October 2015

08 - conferences2

“I don’t know, should I go?” is the question often asked by new coders. And the not so new ones, I’m afraid.

“I don’t feel like it…”

“The talks won’t be what I would like them to be…”

I’m not saying you will be doomed if you are among the people saying these stuff, but your professional life will hugely benefit if you decide to go. Please don’t be that person which doesn’t feel like doing something useful for themselves.

Don’t concentrate on the talks if you don’t want to – it’s networking you should pursue. It doesn’t matter if there will be 3,000 or 30 people. You will meet someone new from your field, you will hear something different from what you hear every day. Who knows, you might start a new project with people you just met or you will be offered a job in case you are looking for one. Take a look at the picture above this text. I wasn’t looking for a new job on last month’s WebCamp, but still these pamphlets managed to find their way into my goody bag (on an unrelated topic, I do love goody bags).

“I don’t know enough coding to attend a conference.” You will never be 100 % ready for anything in this profession. The sooner you realise that and relax a bit, the sooner you will see real progress. If you come to a conference, people won’t ask you if you’re super-advanced or a newb. Your attendance means that you are willing to participate in the activities your community organises and that you might actually be a team player. Being an exceptional engineer with absolutely no social touch won’t get you very far. I know such engineers.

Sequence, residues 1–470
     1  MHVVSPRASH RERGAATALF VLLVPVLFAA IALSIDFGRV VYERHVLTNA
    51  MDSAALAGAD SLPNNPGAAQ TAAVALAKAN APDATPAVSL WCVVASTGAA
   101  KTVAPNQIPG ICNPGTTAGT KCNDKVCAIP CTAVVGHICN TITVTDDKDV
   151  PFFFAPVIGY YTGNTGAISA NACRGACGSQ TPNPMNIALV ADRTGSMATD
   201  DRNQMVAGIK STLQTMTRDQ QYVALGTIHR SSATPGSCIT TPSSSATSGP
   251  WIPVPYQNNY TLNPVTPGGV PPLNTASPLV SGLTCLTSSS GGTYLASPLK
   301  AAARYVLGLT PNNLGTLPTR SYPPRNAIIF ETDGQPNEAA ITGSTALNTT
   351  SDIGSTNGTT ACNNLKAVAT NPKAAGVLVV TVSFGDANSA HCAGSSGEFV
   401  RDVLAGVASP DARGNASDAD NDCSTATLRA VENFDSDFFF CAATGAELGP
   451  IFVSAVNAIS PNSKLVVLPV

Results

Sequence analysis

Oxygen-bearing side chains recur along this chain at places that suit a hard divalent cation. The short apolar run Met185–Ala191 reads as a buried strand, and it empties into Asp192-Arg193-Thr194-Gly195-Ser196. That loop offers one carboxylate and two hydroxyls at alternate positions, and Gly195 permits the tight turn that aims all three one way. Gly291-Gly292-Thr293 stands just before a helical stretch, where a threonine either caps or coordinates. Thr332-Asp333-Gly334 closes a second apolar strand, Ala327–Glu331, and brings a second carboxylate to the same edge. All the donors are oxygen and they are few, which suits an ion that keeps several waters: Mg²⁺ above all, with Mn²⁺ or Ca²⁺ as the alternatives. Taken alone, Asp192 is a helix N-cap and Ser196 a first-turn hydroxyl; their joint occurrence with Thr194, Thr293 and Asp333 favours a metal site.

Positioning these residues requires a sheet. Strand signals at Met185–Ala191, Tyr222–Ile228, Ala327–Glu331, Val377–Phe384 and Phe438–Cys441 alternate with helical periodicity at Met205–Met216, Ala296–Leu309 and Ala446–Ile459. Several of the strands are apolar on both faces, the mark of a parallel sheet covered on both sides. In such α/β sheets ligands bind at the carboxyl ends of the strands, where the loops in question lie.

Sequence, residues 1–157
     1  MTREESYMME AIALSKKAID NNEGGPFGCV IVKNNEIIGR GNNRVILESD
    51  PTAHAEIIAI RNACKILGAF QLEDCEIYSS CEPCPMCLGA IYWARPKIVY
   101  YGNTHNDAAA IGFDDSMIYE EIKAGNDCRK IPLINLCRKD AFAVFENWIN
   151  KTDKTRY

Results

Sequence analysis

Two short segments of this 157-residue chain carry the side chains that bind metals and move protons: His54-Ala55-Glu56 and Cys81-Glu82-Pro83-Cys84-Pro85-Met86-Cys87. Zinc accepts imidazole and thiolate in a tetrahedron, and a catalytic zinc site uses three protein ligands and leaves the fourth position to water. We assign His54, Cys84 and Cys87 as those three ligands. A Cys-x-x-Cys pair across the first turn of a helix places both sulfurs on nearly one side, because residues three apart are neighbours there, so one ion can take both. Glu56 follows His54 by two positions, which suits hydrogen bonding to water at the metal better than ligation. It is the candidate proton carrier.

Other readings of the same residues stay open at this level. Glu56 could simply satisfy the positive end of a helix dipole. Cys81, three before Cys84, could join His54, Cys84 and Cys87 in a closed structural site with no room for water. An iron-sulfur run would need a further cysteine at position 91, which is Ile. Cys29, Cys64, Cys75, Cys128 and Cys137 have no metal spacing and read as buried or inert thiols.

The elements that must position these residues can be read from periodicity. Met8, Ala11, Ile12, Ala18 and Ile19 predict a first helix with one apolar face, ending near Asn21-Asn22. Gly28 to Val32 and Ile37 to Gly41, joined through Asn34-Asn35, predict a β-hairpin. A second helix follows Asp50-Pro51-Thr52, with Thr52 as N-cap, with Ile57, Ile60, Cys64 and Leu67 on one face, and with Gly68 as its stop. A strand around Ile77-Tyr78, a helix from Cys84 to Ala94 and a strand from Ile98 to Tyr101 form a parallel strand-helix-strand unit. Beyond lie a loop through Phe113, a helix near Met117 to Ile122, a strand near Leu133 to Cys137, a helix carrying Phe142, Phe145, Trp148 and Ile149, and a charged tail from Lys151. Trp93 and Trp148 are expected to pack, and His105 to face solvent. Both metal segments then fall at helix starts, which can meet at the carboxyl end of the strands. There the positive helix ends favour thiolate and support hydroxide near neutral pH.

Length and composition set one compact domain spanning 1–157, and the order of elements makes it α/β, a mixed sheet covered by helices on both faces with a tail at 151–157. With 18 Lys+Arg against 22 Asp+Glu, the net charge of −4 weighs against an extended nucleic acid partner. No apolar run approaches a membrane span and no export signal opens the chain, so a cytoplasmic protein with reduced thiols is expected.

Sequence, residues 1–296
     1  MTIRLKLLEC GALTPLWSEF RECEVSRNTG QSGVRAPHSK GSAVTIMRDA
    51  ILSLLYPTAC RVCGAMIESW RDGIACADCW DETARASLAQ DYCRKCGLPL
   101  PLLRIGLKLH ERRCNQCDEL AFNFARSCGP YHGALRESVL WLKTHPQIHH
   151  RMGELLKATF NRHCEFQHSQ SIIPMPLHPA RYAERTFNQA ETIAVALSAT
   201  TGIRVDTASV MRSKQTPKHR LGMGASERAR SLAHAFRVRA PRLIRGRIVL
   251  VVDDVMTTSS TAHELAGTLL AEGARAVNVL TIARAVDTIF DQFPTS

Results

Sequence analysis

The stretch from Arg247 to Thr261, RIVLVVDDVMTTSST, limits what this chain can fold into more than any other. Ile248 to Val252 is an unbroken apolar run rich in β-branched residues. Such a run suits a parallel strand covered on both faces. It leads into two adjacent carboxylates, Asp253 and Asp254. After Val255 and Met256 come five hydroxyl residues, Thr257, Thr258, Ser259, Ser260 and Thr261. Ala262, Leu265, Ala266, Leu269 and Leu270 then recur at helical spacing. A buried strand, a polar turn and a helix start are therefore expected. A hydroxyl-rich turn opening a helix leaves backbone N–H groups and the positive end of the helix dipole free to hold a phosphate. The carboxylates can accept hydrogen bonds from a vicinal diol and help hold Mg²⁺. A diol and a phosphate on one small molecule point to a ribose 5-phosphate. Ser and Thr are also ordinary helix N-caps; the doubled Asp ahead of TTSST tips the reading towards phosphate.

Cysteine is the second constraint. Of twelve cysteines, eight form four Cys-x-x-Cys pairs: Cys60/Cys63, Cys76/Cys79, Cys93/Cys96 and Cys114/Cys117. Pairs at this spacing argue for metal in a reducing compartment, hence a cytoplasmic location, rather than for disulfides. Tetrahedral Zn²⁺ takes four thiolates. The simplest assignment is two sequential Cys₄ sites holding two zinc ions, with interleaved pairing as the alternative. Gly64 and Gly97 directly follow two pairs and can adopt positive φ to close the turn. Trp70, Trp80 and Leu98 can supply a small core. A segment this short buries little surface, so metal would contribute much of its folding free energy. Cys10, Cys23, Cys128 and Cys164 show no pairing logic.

“I have no one to go with.” – even better! Head out to meetup.com and find a group near you which covers the conference field. Send an email asking them to join if anyone is going. Or, if there’s time, attend a meet up before the conference and make some acquaintances there whom you can go with. That way you’ll already be doing a lot of networking before the conference even started. I know it’s not always comfortable to approach strange new people because it’s uncomfortable for me, as well. But, the further away from your comfort zone, the greater the benefit.

I heard this CEO talking on one of such meet ups, he was looking for new people for the company. I asked him if he has a job ad posted. “No”, he said, “first I like to see if there are some people interested on meet ups. If there’s no one, I ask them if they know anybody they’d recommend. Job ads are my last resort.” If that doesn’t sound as a convincing argument to socialise, I don’t know what would.

Hope to see you there.

 

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